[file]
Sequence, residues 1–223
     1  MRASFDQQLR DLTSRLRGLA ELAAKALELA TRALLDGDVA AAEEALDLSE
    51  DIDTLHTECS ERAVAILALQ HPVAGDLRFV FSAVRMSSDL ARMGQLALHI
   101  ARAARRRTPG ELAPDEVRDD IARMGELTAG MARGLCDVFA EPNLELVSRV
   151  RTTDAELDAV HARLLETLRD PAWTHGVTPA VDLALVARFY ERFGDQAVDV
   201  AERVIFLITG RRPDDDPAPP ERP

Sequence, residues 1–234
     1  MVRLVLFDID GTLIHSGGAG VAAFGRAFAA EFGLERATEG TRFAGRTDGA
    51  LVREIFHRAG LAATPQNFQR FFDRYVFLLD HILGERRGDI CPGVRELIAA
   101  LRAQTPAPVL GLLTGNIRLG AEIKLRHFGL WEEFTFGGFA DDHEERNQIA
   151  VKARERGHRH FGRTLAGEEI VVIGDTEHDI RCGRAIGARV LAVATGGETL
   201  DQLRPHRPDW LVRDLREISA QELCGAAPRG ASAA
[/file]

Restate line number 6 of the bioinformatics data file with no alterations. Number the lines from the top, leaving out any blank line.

   201  AERVIFLITG RRPDDDPAPP ERP